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Toughest, beefiest 357 Magnum? Ruger Redhawk??

Discussion in 'Handguns: Revolvers' started by Peter M. Eick, Mar 10, 2013.

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  1. Cosmoline

    Cosmoline Member

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    Wow you're lousy with Redhawks. I still need to get mine to the range. Tomorrow--snow or no!
     
  2. slick6

    slick6 Member

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    1)Wow! You did great in finding both of your .357 Redhawks so quickly! You must have been looking into the right "Crystal Ball"? Congrat's!

    2)It took me a long time to find my three .357 Redhawks pictured below! Two of these three were like new and one of the 5.5" .357 Redhawks was NIB(Unfired)so, I eventially sold the other two(Unfortunately)to fund some other revolvers. However, I still have the NIB .357 Redhawk:
    P1030114.jpg
    P1030134.jpg
    P1030096.jpg
    P1030138.jpg
     
  3. Peter M. Eick

    Peter M. Eick Member

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    Great job!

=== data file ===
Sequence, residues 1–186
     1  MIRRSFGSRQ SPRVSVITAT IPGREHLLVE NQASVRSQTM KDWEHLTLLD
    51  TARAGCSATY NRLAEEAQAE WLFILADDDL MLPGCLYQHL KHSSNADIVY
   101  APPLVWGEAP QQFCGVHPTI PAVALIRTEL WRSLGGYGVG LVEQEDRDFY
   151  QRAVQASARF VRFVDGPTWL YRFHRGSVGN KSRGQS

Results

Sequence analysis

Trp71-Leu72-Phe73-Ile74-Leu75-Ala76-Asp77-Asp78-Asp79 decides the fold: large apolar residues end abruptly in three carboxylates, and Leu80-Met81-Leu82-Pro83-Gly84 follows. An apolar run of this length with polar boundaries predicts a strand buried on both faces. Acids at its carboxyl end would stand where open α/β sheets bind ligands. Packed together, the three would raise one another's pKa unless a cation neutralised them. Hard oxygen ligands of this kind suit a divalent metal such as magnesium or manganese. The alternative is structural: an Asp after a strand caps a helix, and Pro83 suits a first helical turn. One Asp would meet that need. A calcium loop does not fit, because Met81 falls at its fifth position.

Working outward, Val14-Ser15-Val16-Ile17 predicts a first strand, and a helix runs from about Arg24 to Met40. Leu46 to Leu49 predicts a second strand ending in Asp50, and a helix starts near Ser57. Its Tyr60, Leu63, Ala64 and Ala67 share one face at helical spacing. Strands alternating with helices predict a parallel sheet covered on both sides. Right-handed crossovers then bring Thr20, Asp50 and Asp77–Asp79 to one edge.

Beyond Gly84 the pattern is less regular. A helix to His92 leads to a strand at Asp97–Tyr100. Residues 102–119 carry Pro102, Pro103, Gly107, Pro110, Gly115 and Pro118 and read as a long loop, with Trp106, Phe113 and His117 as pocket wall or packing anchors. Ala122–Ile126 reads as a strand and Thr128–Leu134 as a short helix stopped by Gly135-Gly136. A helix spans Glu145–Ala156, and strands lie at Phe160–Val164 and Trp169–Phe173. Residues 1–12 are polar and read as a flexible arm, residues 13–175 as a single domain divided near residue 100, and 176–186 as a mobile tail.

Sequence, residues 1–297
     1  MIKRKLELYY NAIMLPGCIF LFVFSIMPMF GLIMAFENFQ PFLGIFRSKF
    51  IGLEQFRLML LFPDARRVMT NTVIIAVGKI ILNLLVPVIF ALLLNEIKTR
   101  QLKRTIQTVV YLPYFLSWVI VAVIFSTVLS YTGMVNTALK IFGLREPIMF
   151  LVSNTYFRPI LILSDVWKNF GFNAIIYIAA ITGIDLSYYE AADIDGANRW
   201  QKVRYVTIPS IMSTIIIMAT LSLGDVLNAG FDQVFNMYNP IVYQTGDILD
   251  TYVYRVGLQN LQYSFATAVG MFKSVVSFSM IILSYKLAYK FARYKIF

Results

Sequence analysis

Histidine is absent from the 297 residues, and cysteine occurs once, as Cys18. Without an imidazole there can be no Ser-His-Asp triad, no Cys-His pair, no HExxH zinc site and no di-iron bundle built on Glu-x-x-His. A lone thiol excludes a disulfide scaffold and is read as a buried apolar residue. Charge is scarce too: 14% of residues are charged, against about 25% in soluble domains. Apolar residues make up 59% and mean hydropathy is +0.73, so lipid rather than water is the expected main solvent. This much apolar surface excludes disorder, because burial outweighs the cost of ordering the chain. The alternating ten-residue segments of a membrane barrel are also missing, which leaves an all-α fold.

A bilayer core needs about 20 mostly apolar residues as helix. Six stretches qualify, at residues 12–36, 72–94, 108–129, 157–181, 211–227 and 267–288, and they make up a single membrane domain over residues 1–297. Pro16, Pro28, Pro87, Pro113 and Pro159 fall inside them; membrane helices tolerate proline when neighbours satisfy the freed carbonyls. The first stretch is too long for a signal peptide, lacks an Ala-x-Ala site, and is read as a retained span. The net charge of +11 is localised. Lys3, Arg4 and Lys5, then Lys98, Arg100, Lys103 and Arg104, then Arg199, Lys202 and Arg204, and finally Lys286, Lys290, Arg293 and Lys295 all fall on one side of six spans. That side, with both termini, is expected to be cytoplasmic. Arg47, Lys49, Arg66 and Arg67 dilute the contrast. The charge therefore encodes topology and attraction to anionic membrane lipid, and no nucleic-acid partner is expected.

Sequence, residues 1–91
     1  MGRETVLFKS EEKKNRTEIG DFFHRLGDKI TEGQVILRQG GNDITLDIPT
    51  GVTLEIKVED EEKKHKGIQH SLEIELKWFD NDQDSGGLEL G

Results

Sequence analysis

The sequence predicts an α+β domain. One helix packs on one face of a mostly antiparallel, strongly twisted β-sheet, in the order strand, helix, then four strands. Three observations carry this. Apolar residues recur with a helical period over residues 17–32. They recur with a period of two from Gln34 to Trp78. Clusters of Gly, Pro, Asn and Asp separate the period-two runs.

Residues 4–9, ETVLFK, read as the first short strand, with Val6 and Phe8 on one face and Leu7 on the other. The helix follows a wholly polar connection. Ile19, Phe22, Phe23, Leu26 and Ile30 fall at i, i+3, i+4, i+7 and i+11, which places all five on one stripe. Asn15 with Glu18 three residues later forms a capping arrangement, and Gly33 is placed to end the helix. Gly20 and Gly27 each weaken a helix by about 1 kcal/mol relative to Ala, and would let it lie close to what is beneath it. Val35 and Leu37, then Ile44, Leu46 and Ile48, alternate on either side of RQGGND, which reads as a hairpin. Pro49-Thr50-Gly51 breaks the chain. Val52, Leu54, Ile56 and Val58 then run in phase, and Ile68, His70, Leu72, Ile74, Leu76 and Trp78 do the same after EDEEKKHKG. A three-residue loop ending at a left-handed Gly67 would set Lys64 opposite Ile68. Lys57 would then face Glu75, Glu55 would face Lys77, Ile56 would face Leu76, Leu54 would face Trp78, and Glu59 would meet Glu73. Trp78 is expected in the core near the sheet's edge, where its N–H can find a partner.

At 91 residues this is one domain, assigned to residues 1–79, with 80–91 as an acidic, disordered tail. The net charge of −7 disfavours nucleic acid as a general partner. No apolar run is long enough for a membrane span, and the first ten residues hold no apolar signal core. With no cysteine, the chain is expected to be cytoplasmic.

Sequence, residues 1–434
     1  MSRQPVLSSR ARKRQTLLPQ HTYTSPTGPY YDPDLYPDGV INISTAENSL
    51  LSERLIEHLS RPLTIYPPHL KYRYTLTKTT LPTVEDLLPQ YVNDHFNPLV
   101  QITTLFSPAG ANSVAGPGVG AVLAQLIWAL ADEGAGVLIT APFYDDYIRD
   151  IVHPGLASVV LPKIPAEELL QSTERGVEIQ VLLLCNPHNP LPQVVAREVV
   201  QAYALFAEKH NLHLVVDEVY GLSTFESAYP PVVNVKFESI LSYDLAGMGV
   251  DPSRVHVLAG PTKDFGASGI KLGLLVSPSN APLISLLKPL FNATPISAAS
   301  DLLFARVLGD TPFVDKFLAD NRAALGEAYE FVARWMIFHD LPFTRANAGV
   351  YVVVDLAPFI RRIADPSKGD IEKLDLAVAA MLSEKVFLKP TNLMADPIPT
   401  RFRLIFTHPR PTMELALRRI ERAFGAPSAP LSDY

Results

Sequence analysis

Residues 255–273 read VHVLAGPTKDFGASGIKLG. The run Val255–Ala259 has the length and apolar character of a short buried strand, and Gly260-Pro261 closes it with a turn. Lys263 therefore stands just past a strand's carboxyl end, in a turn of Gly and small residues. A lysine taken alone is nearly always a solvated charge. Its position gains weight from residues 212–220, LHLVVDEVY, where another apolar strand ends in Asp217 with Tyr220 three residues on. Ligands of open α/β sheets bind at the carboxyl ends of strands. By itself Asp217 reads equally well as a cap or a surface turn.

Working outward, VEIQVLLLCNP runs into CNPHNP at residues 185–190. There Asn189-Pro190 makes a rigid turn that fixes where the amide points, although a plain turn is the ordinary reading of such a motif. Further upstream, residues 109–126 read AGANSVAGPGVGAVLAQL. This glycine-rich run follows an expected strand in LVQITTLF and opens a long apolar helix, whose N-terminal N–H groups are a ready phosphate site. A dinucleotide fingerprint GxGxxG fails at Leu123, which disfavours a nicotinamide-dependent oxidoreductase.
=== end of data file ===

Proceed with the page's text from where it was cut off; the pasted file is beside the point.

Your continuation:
I really liked the 5.5" and when the 7.5" popped up I just hit the "buy it now" and was happy. I can see continuing to search for an NIB like yours.

    I had never heard of the 357 SRH before. It appeals to my natural desire to buy big solid guns that are way over built. This is why I like my 38 specials built on an N frame. The 38/44's. Way overbuilt for what they are.

    I will be taking my 5.5" to the range tomorrow. I have to start the hot load workups and just test it out with some good "book max" loads.
     
  4. bluetopper

    bluetopper Member

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    Hitting the "Buy it Now" button always puts a smile on my face too.:D
     
  5. Cosmoline

    Cosmoline Member

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    See, I say stupid things like that and we get hit with a totally unexpected BLIZZARD. I need to learn to keep my trap shut. But I have used the opportunity to work up a variety of 200 grain hardcast loads for the beast. So whenever breakup actually arrives in earnest I'll be set.
     
  6. BullRunBear